How to deal with the growing threat of ransomware
Although ransomware is not particularly new, there does seem to be a huge surge in computers and networks being targeted by ransomware attacks. Some researchers have reported a 3,500% increase in the criminal use of such scams affecting multi-national businesses, small businesses, hospitals and even government organisations. It is now one of the largest threats to computer and network security around the world.
What is ransomware?
Ransomware is a type of malware which without the users knowledge or consent, installs itself on a computer or network of computers. It is often unwittingly installed by opening email attachments.
The malware then encrypts all the data being held on the network before notifying the user by freezing the system and displaying a ransom letter of one form or another. Sometimes the message purports to be an official message from the FBI or an other law enforcement agency identifying you as having accessed indecent or illegal online materials. Other times, the message will simply say something along the lines of- ‘your data has been encrypted. The only way to retrieve your data is with a key’.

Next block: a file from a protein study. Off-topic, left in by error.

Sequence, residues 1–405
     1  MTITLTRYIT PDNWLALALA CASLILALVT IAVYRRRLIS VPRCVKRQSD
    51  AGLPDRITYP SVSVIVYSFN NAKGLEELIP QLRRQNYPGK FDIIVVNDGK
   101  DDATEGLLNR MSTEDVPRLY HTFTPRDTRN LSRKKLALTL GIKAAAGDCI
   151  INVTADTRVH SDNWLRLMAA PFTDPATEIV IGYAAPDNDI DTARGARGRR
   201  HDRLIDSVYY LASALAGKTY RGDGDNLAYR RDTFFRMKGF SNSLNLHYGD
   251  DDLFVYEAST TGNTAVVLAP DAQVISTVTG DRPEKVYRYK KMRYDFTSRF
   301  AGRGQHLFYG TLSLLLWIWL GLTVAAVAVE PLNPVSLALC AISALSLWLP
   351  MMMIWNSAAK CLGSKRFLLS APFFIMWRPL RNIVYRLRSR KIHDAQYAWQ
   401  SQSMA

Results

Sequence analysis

Whatever the message, the crux of the concept will be the same – it will need payment (usually in Bitcoin) for a “key” to retrieve your data. The price of the key will often increase exponentially with time to give you a false incentive to pay up quickly.
What to do if you encounter ransomware
As ugly as hijacking other people’s computers and information is, the sad truth is that in most cases where a victim has paid up for their “key” to retrieve their data, no “key” has surfaced. If it does there is no guarantee that the data will ever be recovered. Once the scammers have received their payment, their incentive to have anything further with you evaporates.
The first two things you should do is turn off your computer and disconnect it from the internet and any networks (it could infect other computers) and contact the police. Once you have done those things either attempt to carry out a system restore or contact a specialist.
Things to do to avoid falling victim of ransomware
• Have strong anti-virus software
• Enable operating systems and browser patches and updates
• Use strong and unique passwords
• Use a browser pop-up blocker
• Only download files and software from trusted sites
• Use spam filtering for your emails
• If at work, send any suspicious email to IT support
• Back up your system for future data recovery and store the data offline and/ or use cloud computing.